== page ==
The message I took away from the video is how desensitized we’ve become to violence in America, but also, maybe especially, violence towards non-white individuals. In a matter of seconds, [my character] being shot and taken away was shocking. We can say that’s rude to show that, but this happens for real. “He shot up the choir? That’s crazy.” This happens for real. This is America. So if somebody pulls up a mirror and they show you yourself, you can get mad at the reflection all you want. It’s easier to point a finger than it is to look in that mirror and be like “hold up, this is really what’s going on.”

As shocking as the imagery was, I was hoping it wasn’t going to be shocking for shock’s sake. I was hoping it was going to make people think, but then also hopefully inspire people to think about ways to change. I think it’s doing that, and I’m happy to be a part of it. When reality is uncomfortable, it’s not going to change by pushing things under the carpet.

Actor/musician Calvin C. Winbush II, performing with his band.

Do you have any thoughts about the fact that they actually brought your character back from the dead at the end of the video?

For me, that just signifies hope. That even in times when there is loss, that doesn’t have to be how the story ends. There can be happiness. But you notice, I still have the bag on my head. To me, that signifies there are real things, and there’s a real history there, but it doesn’t have to stop there. You don’t have to lie and say everything was all good, but we also don’t have to say that we’ll always be what we currently are.

Did you see people saying that the man in the video was Tracy Martin?

It was weird. My homegirl told me, “there’s this chick saying you’re Trayvon’s dad in the video.” I thought it was one person. Then I went went to a couple of sites and they were actively saying it. I do see a resemblance, but it’s weird. When I tweeted a couple writers [to correct them], the entirety of black Twitter had my back.

I don’t even know if Trayvon Martin’s dad can even watch stuff like that. I hope he doesn’t see it. He doesn’t need that kind of trauma. Without judging any of the news sources, I feel like news like that should be very much verified. For his sake, I apologize on behalf of anybody that spread it. Put some respect on that man’s name and his son’s name. With his name, there should be a certain amount of respect and journalistic integrity.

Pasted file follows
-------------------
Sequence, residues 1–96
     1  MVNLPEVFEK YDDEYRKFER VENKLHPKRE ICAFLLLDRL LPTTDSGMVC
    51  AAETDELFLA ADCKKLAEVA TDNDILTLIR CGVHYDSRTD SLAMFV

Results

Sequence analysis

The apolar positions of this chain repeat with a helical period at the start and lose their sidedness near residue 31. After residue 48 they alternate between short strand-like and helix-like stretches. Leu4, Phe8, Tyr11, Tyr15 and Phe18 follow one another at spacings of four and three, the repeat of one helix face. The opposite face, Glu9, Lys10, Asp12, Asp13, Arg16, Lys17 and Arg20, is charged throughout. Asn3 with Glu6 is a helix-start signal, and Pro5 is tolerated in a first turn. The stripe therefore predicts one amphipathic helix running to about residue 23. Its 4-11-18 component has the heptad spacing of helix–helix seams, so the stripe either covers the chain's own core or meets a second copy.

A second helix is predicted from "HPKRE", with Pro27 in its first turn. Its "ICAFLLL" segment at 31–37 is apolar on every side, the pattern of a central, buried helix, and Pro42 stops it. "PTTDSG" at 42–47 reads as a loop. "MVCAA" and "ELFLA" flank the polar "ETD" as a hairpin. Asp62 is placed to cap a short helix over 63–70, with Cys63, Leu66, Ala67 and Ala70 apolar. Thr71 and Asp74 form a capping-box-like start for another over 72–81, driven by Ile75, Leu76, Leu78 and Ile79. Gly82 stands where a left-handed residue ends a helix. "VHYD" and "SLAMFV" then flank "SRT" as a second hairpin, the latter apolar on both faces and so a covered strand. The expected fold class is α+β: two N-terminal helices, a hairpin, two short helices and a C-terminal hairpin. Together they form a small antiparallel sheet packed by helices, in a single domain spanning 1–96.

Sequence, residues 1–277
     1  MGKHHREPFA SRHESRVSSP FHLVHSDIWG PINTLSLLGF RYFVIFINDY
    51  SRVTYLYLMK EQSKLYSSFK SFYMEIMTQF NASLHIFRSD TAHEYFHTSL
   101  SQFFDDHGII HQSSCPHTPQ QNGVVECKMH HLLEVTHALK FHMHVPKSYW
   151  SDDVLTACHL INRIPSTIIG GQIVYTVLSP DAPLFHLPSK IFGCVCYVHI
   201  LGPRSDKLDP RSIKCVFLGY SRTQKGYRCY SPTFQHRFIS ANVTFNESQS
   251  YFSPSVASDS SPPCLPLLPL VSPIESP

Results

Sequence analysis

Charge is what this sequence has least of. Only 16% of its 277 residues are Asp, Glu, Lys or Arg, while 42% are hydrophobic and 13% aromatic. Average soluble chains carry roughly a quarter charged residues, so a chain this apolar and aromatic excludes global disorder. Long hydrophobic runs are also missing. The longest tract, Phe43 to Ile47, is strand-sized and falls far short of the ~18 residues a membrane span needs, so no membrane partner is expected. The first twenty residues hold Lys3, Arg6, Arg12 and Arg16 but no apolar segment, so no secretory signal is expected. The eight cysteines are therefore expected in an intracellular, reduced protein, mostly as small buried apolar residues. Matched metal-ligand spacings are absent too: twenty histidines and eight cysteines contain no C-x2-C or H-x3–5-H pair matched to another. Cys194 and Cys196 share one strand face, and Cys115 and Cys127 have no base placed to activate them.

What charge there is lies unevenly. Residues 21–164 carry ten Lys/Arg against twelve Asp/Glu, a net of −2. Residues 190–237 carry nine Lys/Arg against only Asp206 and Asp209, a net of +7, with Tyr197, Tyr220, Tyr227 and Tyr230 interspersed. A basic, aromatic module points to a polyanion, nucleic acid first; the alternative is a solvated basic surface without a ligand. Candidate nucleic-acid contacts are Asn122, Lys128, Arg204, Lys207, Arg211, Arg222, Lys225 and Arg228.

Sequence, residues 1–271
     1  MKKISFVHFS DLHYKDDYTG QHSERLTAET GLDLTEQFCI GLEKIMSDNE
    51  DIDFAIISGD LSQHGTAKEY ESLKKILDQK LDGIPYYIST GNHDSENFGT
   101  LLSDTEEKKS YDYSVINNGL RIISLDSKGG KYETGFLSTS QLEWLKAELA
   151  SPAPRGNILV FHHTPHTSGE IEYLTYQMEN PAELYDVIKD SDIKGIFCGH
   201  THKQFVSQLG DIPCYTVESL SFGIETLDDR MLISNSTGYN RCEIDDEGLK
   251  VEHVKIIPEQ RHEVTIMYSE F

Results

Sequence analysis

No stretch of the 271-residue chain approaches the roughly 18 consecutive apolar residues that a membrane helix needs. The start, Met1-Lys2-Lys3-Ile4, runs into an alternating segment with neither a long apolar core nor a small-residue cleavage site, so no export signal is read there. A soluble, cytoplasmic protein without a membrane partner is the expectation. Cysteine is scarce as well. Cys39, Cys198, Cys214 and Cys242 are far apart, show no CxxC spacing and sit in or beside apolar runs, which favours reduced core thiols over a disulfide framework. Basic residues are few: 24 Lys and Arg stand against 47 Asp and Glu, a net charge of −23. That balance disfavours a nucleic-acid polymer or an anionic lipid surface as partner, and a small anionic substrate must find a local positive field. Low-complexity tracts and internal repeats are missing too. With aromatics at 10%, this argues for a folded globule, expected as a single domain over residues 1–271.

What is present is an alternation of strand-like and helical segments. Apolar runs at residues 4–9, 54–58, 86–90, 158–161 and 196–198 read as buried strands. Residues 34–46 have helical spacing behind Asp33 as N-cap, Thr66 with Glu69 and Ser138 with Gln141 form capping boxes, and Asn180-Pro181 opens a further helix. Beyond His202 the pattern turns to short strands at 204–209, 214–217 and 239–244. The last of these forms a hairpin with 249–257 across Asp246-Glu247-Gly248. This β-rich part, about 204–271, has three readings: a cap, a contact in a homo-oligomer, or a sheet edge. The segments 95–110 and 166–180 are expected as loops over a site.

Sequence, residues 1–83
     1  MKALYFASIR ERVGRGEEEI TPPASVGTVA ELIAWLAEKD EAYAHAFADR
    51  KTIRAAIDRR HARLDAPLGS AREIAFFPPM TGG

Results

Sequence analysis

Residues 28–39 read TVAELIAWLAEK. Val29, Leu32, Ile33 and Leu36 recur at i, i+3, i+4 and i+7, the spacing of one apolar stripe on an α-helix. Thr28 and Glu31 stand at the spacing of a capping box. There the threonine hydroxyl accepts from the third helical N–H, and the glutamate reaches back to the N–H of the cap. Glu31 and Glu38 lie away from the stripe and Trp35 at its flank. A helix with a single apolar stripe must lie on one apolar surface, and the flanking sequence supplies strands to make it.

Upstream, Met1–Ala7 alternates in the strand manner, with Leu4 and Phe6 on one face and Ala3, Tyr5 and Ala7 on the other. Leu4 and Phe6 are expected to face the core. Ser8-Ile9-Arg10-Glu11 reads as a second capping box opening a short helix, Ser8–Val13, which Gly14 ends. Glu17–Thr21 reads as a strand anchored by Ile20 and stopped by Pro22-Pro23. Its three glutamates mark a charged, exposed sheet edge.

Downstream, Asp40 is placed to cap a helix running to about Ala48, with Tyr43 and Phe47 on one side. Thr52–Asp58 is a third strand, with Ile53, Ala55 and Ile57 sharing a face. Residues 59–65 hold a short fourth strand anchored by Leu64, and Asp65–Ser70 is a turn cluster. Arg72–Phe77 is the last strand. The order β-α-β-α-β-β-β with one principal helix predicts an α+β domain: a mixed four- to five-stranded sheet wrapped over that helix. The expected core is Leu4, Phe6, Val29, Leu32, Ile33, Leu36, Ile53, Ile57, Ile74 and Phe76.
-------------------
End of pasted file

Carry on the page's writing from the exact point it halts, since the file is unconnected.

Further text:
How was Donald Glover on the set?

He was amazing. I have so much respect for him, and I appreciate being a part of the process as a whole. Even when they were talking to me over the phone, I knew this was going to be big. “Redbone” was very successful, and he didn’t even have a music video for it. So this one here, they’re going to go for it.

I don’t like to throw the word genius around too often, but it’s fair. He does things on a high level consistently that no one like him does. The way he thinks is very effective. I got to talk to him a little bit on set, and he gave me some amazing words of wisdom. But he’s a regular person. I was cracking jokes, and him and the director were busting out. I think the impression is maybe that he’s walking on the clouds, or he’s on some weird stuff just because he thinks outside of the box. But I’ve been on too many sets with people of different levels of fame. Only thing I want to do on set is make sure I’m being respectful of his process if I can tell he’s trying to figure things out. He’s there as as entertainer, but he’s also working with the production and the director on a higher level than the average artist would be. I’m glad I got to talk to him on the set and everything and see how he was, and hopefully I get to work with him again in the future.